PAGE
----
Personal webpage is a replacement for a paper business card. I encourage every early career researcher (the earlier, the better) to maintain a website. Make it into a single destination for anyone interested in your research and profile (for example, it could be someone looking for a postdoc or a faculty candidate, or a member of interviewing/recruiting committee). The website will also serve as a funnel once you place a link to it across various academic/professional social media (Google Scholar, ORCID, LinkedIn, etc.). For the content, consider an updated CV/resume, list of publications, description of completed/ongoing projects, teaching, outreach activities, science communication blog, recorded presentations, samples of the code, etc.
Build-your-own website for scientists (11 May 2020, NatureIndex.com);
Use your lab website to make a compelling first impression (4 May 2020, Nature);
Crystallography and structure
"Crystallography: A Very Short Introduction" by Mike Glazer. An informative and entertaining combination of historical account and a crash course.
"Resources for Crystallographic Education" from the International Union of Crystallography;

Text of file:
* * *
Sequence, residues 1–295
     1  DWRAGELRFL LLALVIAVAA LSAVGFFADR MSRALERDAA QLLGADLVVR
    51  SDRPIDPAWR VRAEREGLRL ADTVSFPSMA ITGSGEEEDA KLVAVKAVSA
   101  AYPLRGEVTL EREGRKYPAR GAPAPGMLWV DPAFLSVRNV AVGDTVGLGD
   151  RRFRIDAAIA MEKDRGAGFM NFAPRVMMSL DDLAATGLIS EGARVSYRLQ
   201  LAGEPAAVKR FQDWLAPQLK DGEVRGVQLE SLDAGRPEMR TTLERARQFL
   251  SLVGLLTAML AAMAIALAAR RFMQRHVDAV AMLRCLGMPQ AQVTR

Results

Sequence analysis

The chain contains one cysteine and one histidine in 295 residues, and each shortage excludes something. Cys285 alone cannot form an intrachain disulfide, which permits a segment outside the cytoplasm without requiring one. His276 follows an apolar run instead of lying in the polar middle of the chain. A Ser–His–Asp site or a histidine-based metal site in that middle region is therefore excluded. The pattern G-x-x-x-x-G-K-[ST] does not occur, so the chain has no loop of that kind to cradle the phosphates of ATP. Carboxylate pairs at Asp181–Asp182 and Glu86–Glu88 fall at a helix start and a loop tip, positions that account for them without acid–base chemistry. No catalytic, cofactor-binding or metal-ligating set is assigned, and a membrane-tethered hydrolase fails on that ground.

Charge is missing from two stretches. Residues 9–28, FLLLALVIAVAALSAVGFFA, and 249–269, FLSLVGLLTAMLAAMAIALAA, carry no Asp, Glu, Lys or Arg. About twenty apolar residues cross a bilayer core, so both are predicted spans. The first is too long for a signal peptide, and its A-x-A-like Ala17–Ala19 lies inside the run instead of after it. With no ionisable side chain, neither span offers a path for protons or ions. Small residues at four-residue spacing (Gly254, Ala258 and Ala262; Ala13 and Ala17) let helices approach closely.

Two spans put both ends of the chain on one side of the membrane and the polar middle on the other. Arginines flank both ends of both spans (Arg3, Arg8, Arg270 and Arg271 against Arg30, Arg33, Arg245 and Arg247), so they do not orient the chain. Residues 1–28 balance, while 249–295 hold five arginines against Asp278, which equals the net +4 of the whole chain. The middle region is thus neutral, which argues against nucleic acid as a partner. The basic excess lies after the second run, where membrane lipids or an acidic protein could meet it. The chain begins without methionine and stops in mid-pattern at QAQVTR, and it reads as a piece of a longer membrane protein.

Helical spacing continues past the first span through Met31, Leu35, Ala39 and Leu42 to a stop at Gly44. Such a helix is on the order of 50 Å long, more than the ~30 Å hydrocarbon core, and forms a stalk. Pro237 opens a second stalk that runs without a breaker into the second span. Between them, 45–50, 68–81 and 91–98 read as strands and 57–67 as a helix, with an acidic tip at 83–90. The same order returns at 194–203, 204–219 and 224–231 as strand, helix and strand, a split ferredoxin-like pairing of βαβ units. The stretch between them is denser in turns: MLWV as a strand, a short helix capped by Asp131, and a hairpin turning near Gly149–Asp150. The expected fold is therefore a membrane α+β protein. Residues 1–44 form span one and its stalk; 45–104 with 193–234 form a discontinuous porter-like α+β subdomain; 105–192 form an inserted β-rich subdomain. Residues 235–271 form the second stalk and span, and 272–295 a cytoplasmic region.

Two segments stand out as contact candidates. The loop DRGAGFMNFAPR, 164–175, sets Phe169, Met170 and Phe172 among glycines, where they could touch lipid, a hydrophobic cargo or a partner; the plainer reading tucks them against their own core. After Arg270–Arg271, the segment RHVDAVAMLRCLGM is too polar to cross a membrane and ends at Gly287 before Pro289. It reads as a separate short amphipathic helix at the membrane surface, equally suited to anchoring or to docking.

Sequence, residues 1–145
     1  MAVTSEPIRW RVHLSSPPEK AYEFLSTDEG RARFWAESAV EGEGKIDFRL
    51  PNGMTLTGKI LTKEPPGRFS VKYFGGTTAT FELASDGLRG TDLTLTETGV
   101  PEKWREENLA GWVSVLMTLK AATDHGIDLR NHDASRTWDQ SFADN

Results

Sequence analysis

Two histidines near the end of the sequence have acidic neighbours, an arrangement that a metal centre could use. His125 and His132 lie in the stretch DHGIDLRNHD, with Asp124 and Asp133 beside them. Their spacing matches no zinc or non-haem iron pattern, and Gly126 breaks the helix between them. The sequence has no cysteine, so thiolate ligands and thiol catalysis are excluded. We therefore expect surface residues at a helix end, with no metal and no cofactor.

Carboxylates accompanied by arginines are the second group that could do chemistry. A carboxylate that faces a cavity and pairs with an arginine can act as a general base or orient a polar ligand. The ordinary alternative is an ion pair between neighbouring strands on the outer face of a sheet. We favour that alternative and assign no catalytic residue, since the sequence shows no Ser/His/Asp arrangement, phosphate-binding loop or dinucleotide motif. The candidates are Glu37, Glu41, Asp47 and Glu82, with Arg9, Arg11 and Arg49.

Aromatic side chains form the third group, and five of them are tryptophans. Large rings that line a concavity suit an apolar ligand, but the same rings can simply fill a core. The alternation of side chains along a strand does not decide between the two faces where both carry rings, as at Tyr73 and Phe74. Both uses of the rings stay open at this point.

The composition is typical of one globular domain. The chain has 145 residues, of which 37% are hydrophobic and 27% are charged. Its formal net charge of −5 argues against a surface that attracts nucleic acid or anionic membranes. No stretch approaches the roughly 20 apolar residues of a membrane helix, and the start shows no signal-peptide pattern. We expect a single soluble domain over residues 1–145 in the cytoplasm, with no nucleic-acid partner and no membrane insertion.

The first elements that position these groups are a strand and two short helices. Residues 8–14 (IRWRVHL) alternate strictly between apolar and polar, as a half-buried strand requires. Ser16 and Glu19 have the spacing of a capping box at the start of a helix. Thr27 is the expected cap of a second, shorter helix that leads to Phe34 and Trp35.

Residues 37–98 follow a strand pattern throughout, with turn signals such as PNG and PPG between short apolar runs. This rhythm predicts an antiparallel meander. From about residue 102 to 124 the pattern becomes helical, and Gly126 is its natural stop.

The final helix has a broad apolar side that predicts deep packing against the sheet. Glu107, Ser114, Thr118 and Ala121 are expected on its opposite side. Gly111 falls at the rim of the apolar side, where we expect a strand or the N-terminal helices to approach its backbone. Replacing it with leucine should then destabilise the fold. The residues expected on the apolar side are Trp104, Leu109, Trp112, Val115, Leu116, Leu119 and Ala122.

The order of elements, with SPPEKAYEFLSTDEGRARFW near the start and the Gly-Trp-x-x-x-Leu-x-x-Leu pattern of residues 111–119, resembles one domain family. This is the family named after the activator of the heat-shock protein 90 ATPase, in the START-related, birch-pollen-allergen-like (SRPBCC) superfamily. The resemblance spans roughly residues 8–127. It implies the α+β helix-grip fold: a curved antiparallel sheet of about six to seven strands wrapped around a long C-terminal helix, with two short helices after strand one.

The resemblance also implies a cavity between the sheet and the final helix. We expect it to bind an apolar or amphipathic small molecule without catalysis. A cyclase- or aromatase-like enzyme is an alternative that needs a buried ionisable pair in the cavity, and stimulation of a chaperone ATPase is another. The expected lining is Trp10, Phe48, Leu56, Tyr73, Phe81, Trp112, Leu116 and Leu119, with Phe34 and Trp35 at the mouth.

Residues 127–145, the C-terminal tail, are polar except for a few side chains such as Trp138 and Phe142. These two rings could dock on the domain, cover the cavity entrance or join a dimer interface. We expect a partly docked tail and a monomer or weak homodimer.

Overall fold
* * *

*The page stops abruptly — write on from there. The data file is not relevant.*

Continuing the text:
"Lattice versus structure, dimensionality versus periodicity: a crystallographic Babel?" by Massimo Nespolo, J. Appl. Cryst. 2019, 52, 451-456 (Open Access). An article on the correct use of crystallographic terminology in scientific writing, e.g., lattice vs. structure.
"What Defines a Perovskite?" by Joachim Breternitz and Susan Schorr, Adv. Energy Mater. 2018, 8, 1802366 (Open Access);
"What Defines a Halide Perovskite?" by Quinten Akkerman and Liberato Manna, ACS Energy Lett. 2020, 5, 604–610 (Open Access);
"The Scherrer equation versus the 'Debye-Scherrer equation'" by Uwe Holzwarth and Neil Gibson, Nature Nanotech. 2011, 6, 534;
Online seminar series
A non-exhaustive list of regular chemistry/nano-related webinars to sustain independent learning:
Motivation and resilience
A partial list of resources that I turn to for inspiration and grit.